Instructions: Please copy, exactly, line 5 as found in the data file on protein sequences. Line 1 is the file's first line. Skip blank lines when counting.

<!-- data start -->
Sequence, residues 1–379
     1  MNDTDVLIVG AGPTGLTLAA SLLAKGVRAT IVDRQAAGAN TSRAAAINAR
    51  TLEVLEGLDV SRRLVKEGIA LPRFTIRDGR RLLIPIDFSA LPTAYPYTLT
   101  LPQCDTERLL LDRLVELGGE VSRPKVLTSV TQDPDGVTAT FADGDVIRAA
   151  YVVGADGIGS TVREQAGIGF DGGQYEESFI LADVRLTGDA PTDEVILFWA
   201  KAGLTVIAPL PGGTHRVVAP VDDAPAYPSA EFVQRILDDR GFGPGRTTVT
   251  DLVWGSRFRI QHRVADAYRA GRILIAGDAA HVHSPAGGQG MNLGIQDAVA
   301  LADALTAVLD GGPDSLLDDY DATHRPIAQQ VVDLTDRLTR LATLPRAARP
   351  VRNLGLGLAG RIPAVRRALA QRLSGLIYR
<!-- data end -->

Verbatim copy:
   151  YVVGADGIGS TVREQAGIGF DGGQYEESFI LADVRLTGDA PTDEVILFWA